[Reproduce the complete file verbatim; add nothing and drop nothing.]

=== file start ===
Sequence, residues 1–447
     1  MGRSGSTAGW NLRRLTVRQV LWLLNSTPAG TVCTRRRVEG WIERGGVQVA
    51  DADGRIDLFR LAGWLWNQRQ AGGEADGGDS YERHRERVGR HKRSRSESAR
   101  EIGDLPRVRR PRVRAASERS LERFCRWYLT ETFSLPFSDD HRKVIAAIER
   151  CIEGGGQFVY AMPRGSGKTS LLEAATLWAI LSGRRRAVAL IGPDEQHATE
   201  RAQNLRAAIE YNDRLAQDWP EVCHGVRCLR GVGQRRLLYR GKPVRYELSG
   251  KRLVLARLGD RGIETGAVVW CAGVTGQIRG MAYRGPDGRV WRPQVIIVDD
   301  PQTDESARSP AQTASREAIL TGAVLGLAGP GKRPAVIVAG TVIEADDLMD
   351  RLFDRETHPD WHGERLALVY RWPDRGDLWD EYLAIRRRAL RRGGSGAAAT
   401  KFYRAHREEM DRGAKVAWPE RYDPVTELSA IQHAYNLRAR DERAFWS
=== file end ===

Sequence, residues 1–447
     1  MGRSGSTAGW NLRRLTVRQV LWLLNSTPAG TVCTRRRVEG WIERGGVQVA
    51  DADGRIDLFR LAGWLWNQRQ AGGEADGGDS YERHRERVGR HKRSRSESAR
   101  EIGDLPRVRR PRVRAASERS LERFCRWYLT ETFSLPFSDD HRKVIAAIER
   151  CIEGGGQFVY AMPRGSGKTS LLEAATLWAI LSGRRRAVAL IGPDEQHATE
   201  RAQNLRAAIE YNDRLAQDWP EVCHGVRCLR GVGQRRLLYR GKPVRYELSG
   251  KRLVLARLGD RGIETGAVVW CAGVTGQIRG MAYRGPDGRV WRPQVIIVDD
   301  PQTDESARSP AQTASREAIL TGAVLGLAGP GKRPAVIVAG TVIEADDLMD
   351  RLFDRETHPD WHGERLALVY RWPDRGDLWD EYLAIRRRAL RRGGSGAAAT
   401  KFYRAHREEM DRGAKVAWPE RYDPVTELSA IQHAYNLRAR DERAFWS